Editor’s note: This is the sixth of a seven-part series taking a look at some of the best practices of Canada’s award-winning employers. Here, we take a look at health and family-friendly benefits at TD Bank Financial Group and why they make it such a great place to work.
Every year, TD Bank Financial Group asks employees to name two tangible things they would like to see improved within the company. Typically, the Toronto-based bank receives about 20,000 suggestions. Two consistent themes from that survey — more flexible work hours and improved benefits — have translated into successful policies that have earned TD Bank an exceptional rating in the area of health and family-friendly benefits.
“That’s all part of our strategy to make sure we are viewed by our employees as a great place to work,” says Peter McAdam, vice-president of consumer experience. “This ties back to our efforts to make sure we have the most engaged workforce out there.”
Over the past few years, TD Bank has simplified its benefit plan while increasing its subsidy by $12 million annually. Every employee gets 100-per-cent coverage for basic life, health and medical insurance. They’re also given credits to help with optional coverage for additional benefits. That subsidy is based on the number of dependents.
“Part of our philosophy is that they have an opportunity to create a personal benefits package that meets their needs throughout their entire life cycle while they work at TD,” says Sherry Thodt, vice-president of retirement and benefit plans. “They pick and choose across a menu but when we deliver those benefit credits to them, we make it very clear and transparent how much we’re providing to help them buy those additional benefits.”
In addition, employees who work 15 hours a week receive health coverage, as do retirees with enough service. Employees can also register for pre-arranged emergency short-term daycare in cities where the service is available
There’s a strong business case for providing such extensive benefits, in terms of employee engagement, says McAdam. It’s an argument the executive team not only understands but supports, especially since surveys show a measurable improvement in engagement over the past couple of years.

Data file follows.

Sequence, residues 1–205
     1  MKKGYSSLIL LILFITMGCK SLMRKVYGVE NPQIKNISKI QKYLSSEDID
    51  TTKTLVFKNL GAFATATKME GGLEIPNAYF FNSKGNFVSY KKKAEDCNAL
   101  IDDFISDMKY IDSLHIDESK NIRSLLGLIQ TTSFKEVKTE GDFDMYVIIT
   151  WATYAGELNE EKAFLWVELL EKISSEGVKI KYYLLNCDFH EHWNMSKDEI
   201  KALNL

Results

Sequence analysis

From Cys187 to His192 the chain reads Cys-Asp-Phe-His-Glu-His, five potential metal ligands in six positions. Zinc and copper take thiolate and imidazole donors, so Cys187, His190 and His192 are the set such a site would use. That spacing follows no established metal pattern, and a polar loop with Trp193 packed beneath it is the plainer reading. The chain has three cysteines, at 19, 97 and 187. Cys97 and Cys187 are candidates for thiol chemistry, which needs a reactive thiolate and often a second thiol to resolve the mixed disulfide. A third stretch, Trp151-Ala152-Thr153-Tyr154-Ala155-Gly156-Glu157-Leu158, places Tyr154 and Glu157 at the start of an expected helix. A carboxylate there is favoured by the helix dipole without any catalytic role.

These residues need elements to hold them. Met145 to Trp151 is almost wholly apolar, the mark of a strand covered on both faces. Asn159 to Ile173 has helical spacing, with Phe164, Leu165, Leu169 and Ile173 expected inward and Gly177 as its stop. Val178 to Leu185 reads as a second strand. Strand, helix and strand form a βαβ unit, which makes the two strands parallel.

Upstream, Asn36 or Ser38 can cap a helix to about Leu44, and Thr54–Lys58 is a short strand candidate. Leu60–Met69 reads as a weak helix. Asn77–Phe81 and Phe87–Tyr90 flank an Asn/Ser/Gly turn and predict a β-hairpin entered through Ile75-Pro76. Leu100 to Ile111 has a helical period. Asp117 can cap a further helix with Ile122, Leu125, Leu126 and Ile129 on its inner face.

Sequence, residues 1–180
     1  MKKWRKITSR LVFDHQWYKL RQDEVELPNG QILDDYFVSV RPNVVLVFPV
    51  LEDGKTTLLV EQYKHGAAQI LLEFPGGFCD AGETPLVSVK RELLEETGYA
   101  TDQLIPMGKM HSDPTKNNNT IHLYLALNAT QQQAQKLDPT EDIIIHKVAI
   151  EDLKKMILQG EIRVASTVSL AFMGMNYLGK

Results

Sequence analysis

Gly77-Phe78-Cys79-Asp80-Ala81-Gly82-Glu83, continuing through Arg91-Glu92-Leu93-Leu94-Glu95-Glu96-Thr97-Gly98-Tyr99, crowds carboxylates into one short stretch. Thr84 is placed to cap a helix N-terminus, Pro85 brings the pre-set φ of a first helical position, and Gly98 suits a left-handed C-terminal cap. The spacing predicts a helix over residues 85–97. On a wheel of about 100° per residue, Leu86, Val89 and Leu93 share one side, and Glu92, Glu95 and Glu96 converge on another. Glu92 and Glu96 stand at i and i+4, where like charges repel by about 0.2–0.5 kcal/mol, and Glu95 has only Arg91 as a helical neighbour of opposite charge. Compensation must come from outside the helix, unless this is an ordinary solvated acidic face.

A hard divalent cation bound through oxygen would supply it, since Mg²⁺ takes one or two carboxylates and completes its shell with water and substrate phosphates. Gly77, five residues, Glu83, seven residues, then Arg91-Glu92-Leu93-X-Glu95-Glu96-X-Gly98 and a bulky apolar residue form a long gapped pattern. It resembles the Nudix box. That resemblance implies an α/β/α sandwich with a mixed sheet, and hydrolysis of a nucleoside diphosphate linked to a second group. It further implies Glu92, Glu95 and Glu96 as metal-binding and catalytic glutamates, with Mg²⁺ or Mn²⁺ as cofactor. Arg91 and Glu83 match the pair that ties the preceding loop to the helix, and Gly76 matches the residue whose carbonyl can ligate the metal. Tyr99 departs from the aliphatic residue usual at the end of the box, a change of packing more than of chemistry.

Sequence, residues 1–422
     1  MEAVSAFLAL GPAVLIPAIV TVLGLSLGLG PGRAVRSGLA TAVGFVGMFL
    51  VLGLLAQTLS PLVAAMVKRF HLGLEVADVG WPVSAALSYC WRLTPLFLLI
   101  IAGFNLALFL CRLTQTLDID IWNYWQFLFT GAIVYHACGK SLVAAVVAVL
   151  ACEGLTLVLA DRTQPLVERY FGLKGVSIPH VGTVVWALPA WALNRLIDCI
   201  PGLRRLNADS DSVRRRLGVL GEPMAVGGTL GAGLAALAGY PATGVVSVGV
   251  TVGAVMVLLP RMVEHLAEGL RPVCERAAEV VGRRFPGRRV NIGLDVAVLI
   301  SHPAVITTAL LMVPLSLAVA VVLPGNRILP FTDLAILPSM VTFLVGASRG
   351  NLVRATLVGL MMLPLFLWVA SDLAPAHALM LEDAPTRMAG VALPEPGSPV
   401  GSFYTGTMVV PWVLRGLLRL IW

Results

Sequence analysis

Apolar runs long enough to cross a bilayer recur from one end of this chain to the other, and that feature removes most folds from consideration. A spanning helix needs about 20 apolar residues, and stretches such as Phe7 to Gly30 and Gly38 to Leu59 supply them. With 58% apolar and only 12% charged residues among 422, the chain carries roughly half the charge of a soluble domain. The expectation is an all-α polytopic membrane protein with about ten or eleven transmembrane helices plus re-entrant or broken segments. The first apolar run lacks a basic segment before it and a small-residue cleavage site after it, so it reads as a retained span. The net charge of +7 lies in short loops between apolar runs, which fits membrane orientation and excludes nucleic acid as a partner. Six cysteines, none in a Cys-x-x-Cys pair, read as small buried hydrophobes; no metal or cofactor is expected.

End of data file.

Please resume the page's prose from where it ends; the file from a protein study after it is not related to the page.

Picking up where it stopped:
“They bought right in,” he says. “We’re fortunate that we have a senior executive who, besides understanding the business case, also feels very strongly that this is the right thing to do for our employees. We hope this is a bit of a virtuous circle. If the employees feel better, then it just looks after itself. So far, we’ve managed to afford all of this and still have great returns to shareholders.”
HR doesn’t necessarily go looking for new money every time it has a recommendation, says McAdam. Most often, these have to be budgeted into existing expense plans and HR has to either cut somewhere else or “just expect that the other revenues will keep rolling in.” That may be more difficult in the days ahead, given the current economy, he admits.
Even in good times, increasing benefit subsidies and flexibility in the workplace is “never a slam dunk,” says Thodt. Decisions have always been made after lengthy discussions with the entire senior management team, she says. Sometimes there is a “staging” of the delivery of the HR department’s recommendations.
“The reality is that there’s always lots of ways to spend money and there’s never unlimited funds,” she says. “We can’t do everything all at once and it’s not a matter of ‘No, you can’t do that.’ It’s about ‘Let’s do this one this year and then lay out that action B and action C for the years after.’”
Within the senior HR team, there has been a lot of debate about budgets as well as capacity, says Thodt. How much change can the bank and its people make at one time?
Fortunately, most of the team’s initiatives have gone over well with senior executives, she says. This speaks to how well the bank listens to its employees.
“We’re not going forward with things that are not aligned with them,” she says.
One of the biggest changes to the benefits plan — that had the unequivocal support of senior leaders — was simplifying the language and design, says Thodt.
“Make the program and policies as simple as possible. The easier to understand the programs are, the more employees will value them,” she says. “If a program is too complex, I don’t think you reach the perceived value that really the program is worth to your employee group.”
Flexibility is another area where TD Bank has performed well. The bank has opened up more opportunities for flexible hours, part-time work, shortened workweeks and telecommuting, says McAdam.
The challenge now is achieving consistency across the bank’s vast network of locations, he says. It has more than 42,000 full- and part-time employees worldwide.
“It’s not a tough sell to get the policy created and get senior management to buy in. They’ve been good at that,” he says. “It’s a challenge across an organization that has thousands of offices.”
Danielle Harder is a Whitby, Ont.-based freelance writer.
TD Bank Financial Group
Number of employees:
Who does HR report to?
Year company founded:
What company does:
Provides financial and banking services to about 14 million customers worldwide.
Topic overview and schedule
This is the sixth of a seven-part series on best practices. Here’s what’s been covered and what’s on deck:
Dec. 1: The physical workspace at the University of Toronto.
Dec. 15: Employee engagement at Microsoft.
Jan. 12: Vacation and time off at McGill University Health Centre.
Jan. 26: Community involvement at SaskTel.
Feb. 9: Training and skills development at Sierra Systems.March 9: Benefit consultations at Simon Fraser University.
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